AbstractBackground and Purpose—
New-definition transient ischemic attacks (TIAs) are frequent but difficult to diagnose because magnetic resonance imaging (MRI)-negative by definition. However, hidden underlying cell damage might be present and account for the reported long-lasting cognitive impairment after TIAs. Most prior rodent models of true TIA targeted the striatum or have not been fully characterized. Here we present the MRI, behavioral, and quantitative cell changes characterizing a new rodent model of true TIA targeting the more behaviorally relevant cerebral cortex.Methods—
Fifteen-minute distal middle cerebral artery occlusion was performed in 29 spontaneously hypertensive rats allowed to survive for 7 to 60 days. Behavior was assessed serially using both global neurological and fine sensorimotor tests. Diffusion- and T2-weighted MRI was obtained 20 min postreperfusion and again 7 to 60 days later, and then changes in neurons and microglia were quantified across the middle cerebral artery territory using immunohistochemistry.Results—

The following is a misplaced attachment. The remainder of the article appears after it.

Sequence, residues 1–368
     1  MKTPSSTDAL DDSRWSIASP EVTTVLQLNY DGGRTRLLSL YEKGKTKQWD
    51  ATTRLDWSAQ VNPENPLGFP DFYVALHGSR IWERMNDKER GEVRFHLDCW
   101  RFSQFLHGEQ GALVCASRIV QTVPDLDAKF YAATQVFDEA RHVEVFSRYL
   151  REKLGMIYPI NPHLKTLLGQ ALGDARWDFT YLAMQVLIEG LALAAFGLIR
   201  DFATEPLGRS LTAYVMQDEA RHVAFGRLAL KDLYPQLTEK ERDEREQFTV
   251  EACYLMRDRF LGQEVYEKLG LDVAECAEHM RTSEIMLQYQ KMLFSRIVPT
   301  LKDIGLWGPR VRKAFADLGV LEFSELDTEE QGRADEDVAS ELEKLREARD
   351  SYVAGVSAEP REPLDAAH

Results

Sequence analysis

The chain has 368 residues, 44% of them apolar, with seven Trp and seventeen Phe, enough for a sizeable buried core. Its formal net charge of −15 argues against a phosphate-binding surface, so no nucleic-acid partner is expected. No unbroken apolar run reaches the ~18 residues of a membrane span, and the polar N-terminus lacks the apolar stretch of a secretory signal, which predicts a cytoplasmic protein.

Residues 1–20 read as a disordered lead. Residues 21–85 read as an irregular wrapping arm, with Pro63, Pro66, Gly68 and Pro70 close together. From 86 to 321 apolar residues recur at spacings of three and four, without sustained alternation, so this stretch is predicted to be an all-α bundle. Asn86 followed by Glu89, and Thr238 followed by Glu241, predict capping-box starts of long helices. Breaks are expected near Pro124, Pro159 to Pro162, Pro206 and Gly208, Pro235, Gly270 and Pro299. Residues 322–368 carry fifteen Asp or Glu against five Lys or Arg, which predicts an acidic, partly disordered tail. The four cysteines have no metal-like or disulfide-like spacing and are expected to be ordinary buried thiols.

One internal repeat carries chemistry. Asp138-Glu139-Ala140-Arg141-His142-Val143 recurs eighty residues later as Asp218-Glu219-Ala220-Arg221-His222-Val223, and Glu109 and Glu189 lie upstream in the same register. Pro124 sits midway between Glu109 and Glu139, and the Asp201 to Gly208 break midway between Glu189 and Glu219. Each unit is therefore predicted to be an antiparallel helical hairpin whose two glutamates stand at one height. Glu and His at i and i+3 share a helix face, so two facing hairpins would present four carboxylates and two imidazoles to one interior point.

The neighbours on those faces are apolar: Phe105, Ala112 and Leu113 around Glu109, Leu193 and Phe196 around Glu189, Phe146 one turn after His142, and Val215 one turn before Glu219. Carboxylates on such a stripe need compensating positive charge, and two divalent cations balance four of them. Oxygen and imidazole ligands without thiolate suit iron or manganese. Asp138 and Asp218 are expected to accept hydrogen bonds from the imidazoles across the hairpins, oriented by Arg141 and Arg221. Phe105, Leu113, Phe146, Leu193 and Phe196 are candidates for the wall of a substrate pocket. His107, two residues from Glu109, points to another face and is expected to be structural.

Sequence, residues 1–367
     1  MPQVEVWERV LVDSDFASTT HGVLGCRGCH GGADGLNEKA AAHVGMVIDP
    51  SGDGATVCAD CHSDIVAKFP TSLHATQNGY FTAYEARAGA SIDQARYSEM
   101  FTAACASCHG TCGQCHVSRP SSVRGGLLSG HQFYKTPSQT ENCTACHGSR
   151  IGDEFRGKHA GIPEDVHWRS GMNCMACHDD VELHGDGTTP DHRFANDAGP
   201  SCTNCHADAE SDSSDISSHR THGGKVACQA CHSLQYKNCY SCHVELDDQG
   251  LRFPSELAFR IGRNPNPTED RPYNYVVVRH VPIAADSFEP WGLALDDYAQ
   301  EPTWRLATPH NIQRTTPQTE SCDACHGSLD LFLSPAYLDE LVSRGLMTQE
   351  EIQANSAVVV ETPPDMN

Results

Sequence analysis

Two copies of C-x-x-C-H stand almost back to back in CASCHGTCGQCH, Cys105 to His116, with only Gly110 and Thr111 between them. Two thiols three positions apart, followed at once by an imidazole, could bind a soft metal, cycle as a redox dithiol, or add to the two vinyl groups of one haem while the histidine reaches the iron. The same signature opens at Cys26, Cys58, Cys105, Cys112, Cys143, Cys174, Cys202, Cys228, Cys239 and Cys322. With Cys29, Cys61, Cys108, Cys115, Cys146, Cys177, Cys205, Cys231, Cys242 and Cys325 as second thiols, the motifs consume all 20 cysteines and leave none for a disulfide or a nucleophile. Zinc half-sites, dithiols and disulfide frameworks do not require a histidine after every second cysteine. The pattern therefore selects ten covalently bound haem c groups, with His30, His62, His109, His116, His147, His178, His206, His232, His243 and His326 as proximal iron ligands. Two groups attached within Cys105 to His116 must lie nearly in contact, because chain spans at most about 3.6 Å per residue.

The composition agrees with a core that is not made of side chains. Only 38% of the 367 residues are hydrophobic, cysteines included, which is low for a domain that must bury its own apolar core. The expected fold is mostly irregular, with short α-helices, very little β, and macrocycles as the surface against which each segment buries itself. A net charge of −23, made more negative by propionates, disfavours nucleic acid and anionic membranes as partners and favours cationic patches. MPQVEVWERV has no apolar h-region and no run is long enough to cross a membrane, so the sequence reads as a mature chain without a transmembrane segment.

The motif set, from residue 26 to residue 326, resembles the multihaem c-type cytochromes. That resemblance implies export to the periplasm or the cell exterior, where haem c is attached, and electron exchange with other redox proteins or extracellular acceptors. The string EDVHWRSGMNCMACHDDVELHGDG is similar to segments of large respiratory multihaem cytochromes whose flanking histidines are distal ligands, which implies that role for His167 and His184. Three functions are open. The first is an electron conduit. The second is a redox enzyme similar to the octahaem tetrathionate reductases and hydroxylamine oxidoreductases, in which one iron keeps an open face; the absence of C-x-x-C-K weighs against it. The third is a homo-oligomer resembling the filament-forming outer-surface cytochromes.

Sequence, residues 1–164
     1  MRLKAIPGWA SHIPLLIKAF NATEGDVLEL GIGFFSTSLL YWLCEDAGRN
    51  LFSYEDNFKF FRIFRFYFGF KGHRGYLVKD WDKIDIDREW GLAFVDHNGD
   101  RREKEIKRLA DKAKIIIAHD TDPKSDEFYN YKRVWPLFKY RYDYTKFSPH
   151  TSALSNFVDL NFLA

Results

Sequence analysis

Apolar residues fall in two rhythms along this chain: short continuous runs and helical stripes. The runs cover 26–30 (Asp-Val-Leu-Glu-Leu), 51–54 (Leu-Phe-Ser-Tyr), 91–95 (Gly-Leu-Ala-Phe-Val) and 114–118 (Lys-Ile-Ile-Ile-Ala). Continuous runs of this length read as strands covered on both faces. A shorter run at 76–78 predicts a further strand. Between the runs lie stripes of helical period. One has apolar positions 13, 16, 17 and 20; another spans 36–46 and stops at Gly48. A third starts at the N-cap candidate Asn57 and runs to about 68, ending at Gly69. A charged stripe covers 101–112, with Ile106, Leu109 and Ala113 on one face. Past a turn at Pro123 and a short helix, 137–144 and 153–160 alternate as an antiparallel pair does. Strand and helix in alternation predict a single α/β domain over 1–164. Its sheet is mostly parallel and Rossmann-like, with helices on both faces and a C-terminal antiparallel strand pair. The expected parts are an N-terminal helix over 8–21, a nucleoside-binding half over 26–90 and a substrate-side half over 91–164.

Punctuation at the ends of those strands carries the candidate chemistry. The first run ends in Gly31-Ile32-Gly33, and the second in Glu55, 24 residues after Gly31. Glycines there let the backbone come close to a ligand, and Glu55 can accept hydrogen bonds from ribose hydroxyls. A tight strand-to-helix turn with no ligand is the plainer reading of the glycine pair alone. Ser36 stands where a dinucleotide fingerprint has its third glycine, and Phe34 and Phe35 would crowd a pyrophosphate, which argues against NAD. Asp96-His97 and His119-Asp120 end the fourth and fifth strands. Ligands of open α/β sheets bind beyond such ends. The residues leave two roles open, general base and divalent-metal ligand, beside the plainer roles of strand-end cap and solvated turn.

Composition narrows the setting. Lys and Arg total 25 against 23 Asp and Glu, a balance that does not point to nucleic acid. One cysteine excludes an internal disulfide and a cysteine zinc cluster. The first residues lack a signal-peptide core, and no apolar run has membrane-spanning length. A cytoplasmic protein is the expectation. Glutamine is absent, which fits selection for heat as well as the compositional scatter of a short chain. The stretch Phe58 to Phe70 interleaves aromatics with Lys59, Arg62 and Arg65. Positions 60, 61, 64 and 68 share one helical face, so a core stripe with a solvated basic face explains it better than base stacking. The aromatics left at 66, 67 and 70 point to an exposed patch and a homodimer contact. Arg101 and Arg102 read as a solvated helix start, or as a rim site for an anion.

No MRI changes or pan-necrosis were observed at any time point, but patchy cortical selective neuronal loss affected 28/29 rats, regardless of survival interval, together with topographically congruent microglial activation that gradually declined over time. The Neuroscore was unchanged, but there was marked contralateral sensorimotor impairment, still recovering by day 28.Conclusions—
Our new rodent model mimicking true cortical TIA is characterized by normal MRI, but consistent cortical selective neuronal loss and microglial activation and long-lasting sensorimotor deficits. By causing selective neuronal loss, TIAs and silent microemboli might affect neuronal reserve, thereby increasing long-term cognitive impairment risk. Selective neuronal loss and microglial activation might represent novel therapeutic targets that could be detectable in vivo after TIAs using appropriate imaging tracers.